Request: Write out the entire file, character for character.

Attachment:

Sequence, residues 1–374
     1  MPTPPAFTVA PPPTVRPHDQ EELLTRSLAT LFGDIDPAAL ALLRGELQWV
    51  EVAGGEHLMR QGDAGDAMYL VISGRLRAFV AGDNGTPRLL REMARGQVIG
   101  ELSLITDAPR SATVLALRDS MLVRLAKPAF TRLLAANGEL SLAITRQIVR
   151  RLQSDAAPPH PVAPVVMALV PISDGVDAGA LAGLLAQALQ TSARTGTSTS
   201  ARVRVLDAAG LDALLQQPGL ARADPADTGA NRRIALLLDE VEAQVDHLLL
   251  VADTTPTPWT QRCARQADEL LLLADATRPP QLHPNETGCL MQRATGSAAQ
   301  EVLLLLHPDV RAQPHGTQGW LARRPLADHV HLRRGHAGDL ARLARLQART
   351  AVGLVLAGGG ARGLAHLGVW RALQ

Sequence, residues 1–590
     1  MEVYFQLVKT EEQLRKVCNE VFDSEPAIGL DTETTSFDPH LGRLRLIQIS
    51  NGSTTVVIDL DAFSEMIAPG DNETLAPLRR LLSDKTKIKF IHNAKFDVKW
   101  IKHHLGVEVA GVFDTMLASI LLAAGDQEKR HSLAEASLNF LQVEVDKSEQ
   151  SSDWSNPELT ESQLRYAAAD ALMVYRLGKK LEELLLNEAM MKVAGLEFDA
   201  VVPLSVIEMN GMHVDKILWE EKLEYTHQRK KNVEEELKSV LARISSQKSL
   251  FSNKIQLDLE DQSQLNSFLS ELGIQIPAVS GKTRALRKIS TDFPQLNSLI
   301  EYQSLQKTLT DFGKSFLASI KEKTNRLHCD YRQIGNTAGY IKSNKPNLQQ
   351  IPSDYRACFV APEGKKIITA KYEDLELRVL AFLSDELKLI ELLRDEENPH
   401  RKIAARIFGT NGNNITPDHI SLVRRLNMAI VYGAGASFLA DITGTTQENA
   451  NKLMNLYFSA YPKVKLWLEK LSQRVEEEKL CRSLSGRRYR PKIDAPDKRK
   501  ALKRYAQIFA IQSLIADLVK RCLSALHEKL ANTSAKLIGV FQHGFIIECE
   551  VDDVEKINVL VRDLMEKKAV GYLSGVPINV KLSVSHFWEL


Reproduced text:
Sequence, residues 1–374
     1  MPTPPAFTVA PPPTVRPHDQ EELLTRSLAT LFGDIDPAAL ALLRGELQWV
    51  EVAGGEHLMR QGDAGDAMYL VISGRLRAFV AGDNGTPRLL REMARGQVIG
   101  ELSLITDAPR SATVLALRDS MLVRLAKPAF TRLLAANGEL SLAITRQIVR
   151  RLQSDAAPPH PVAPVVMALV PISDGVDAGA LAGLLAQALQ TSARTGTSTS
   201  ARVRVLDAAG LDALLQQPGL ARADPADTGA NRRIALLLDE VEAQVDHLLL
   251  VADTTPTPWT QRCARQADEL LLLADATRPP QLHPNETGCL MQRATGSAAQ
   301  EVLLLLHPDV RAQPHGTQGW LARRPLADHV HLRRGHAGDL ARLARLQART
   351  AVGLVLAGGG ARGLAHLGVW RALQ

Sequence, residues 1–590
     1  MEVYFQLVKT EEQLRKVCNE VFDSEPAIGL DTETTSFDPH LGRLRLIQIS
    51  NGSTTVVIDL DAFSEMIAPG DNETLAPLRR LLSDKTKIKF IHNAKFDVKW
   101  IKHHLGVEVA GVFDTMLASI LLAAGDQEKR HSLAEASLNF LQVEVDKSEQ
   151  SSDWSNPELT ESQLRYAAAD ALMVYRLGKK LEELLLNEAM MKVAGLEFDA
   201  VVPLSVIEMN GMHVDKILWE EKLEYTHQRK KNVEEELKSV LARISSQKSL
   251  FSNKIQLDLE DQSQLNSFLS ELGIQIPAVS GKTRALRKIS TDFPQLNSLI
   301  EYQSLQKTLT DFGKSFLASI KEKTNRLHCD YRQIGNTAGY IKSNKPNLQQ
   351  IPSDYRACFV APEGKKIITA KYEDLELRVL AFLSDELKLI ELLRDEENPH
   401  RKIAARIFGT NGNNITPDHI SLVRRLNMAI VYGAGASFLA DITGTTQENA
   451  NKLMNLYFSA YPKVKLWLEK LSQRVEEEKL CRSLSGRRYR PKIDAPDKRK
   501  ALKRYAQIFA IQSLIADLVK RCLSALHEKL ANTSAKLIGV FQHGFIIECE
   551  VDDVEKINVL VRDLMEKKAV GYLSGVPINV KLSVSHFWEL